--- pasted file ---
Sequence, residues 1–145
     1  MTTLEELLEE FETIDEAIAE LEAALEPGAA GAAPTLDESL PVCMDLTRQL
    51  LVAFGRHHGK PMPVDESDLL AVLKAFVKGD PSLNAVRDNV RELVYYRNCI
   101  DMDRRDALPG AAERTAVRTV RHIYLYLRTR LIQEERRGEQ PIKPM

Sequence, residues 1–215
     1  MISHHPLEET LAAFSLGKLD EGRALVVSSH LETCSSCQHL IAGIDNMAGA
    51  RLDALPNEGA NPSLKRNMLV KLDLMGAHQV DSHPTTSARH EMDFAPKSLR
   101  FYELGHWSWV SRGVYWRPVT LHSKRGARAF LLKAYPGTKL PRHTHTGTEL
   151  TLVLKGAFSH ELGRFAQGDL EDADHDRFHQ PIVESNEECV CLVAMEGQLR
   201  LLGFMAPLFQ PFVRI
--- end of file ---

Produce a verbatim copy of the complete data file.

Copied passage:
Sequence, residues 1–145
     1  MTTLEELLEE FETIDEAIAE LEAALEPGAA GAAPTLDESL PVCMDLTRQL
    51  LVAFGRHHGK PMPVDESDLL AVLKAFVKGD PSLNAVRDNV RELVYYRNCI
   101  DMDRRDALPG AAERTAVRTV RHIYLYLRTR LIQEERRGEQ PIKPM

Sequence, residues 1–215
     1  MISHHPLEET LAAFSLGKLD EGRALVVSSH LETCSSCQHL IAGIDNMAGA
    51  RLDALPNEGA NPSLKRNMLV KLDLMGAHQV DSHPTTSARH EMDFAPKSLR
   101  FYELGHWSWV SRGVYWRPVT LHSKRGARAF LLKAYPGTKL PRHTHTGTEL
   151  TLVLKGAFSH ELGRFAQGDL EDADHDRFHQ PIVESNEECV CLVAMEGQLR
   201  LLGFMAPLFQ PFVRI